Psalms, Hymns and Spiritual Songs to Help You Worship at Home
We hadn’t chosen hymns for this weekend or this month. In the coming weeks, Weekend Playlist will have suggestions for hymns that we might have sung in church. They’ll hopefully tie in with what we’re thinking about in our online service on Sundays.
If churches were still operating as normal this weekend was due to be our communion service. The Presbyterian Church in Ireland has formally advised ministers that virtual communion services should not be held. The Doctrine Committee of our denomination has said: “We should be lamenting the Lord’s grave providence that has resulted in so many Christian congregations no longer meeting.”
The hymns below are a selection of hymns that we have sung at communion services during my time in Buckna. As you listen to them, perhaps you could pray that the Lord would be merciful and would allow us to gather around His table sooner rather than later.
I Stand Amazed
Behold the Lamb
Jesus, Thank You
My Jesus, I Love Thee
Thank You for the Cross, Lord
Hymn of the Weekend
King of Love
This is a modern version of a version of Psalm 23. It is a firm favourite for us in Buckna and along with the next hymn, Abide With Me, will feature in our online service this weekend.
One Hymn Explained
Abide With Me
This is one of the most iconic hymns in Great Britain. It is sung before two key championship games – the Rugby League Challenge Cup and the FA Cup Finals, which are both played annually at Wembley Stadium in London. I’ve had the privilege of attending an FA Cup Final and the experience of hearing this hymn sung by almost 90,000 people was spine-tingling. What struck me on the occasion that I did hear it sung in such a context was that most people don’t know any of the hymn apart from the phrase abide with me.
As well as being used at significant sporting events, state funerals and remembrance services, it was also reportedly played by the band as the Titanic sank.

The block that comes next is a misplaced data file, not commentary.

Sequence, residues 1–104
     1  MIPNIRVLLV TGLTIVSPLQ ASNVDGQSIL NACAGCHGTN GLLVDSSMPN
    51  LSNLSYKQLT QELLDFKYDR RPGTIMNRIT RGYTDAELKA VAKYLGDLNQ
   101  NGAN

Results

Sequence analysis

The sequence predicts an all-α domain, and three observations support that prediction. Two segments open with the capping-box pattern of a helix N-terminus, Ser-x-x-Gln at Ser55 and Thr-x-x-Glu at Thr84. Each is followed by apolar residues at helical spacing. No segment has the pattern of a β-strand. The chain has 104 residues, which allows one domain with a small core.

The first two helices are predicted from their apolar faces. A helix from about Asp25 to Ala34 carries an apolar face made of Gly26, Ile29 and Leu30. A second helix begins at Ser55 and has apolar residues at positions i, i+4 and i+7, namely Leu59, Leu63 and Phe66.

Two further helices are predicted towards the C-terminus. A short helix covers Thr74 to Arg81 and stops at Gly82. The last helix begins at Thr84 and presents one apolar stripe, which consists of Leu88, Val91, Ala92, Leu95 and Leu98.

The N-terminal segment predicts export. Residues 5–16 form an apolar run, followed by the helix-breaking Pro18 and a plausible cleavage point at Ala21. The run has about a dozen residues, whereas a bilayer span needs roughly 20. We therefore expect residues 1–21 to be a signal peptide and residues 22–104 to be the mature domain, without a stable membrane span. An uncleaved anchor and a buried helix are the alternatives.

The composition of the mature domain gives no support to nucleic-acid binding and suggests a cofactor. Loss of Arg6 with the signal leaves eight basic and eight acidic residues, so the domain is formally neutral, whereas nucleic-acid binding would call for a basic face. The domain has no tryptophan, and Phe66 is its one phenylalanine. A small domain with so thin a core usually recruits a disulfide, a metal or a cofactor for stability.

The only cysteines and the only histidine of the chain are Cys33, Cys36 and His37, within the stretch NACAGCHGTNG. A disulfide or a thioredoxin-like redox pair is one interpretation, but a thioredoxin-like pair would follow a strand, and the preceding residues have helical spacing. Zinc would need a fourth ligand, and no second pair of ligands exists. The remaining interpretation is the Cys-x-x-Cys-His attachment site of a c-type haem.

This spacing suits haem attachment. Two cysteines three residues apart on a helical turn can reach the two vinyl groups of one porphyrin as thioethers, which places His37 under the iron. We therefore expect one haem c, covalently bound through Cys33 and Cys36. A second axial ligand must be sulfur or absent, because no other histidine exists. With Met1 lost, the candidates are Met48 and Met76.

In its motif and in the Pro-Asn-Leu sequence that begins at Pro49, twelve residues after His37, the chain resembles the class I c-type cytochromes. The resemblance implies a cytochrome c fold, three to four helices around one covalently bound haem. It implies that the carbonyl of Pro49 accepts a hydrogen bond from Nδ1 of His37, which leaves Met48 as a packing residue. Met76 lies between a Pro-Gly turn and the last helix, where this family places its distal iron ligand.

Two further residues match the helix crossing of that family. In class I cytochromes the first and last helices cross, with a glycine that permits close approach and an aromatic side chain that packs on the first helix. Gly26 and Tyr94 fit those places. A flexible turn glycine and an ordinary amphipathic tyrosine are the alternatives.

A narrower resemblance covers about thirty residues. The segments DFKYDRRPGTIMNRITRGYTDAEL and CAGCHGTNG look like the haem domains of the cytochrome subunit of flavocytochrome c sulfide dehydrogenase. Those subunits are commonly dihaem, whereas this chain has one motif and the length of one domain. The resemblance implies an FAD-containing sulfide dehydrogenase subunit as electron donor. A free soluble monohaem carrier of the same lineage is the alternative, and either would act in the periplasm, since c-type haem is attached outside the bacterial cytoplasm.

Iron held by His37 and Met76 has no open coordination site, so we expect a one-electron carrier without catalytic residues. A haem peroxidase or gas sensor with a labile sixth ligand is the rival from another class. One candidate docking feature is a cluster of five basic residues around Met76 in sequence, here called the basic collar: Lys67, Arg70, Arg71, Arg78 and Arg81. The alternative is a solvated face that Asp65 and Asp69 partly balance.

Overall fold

They story of the hymn’s origin is nearly as dramatic as its history. The author, Henry Lyte, was an Anglican minister ho suffered from ill health for most of his life. Three years before his death at the age of 54, he was diagnosed with tuberculosis. Upon preaching his farewell sermon to his congregation, he retired to his room and wrote Abide With Me. He died a couple of months later and the hymn was sung at his memorial service.
The hymn takes impending death as its subject. The poem is a mediation on what it will be like to face our death. What we need, according to the poem, is God’s presence with us. It’s a very powerful example of mood poetry. Numerous phrases give us a sense of sadness. Illusions to sunset, deepening darkness and closing eyes help us to have an overarching awareness that death is near.
This weekend we’re beginning a series on the book of Ecclesiastes. Abide With Me is the perfect hymn for us to reflect on as we begin this series. Ecclesiastes teaches us that through the passing of time nothing really changes and that death is the great leveller. What we’ll see in coming weeks is that life under the sun is brief and bleak but that life through the Son is eternal and joyful.
That’s the sentiment which is at the heart of Abide With Me. The repeated phrase, which is also the title of the hymn, is essentially a prayer that God would not abandon us and that He would rescue us from the bleak reality of death. Thankfully, He has done so through His Son, the Lord Jesus.
Over the weekend, take some time to meditate on the truths of this hymn. A fruitful exercise would be to take a note of the themes of the hymn and then to find Scriptural references to match them.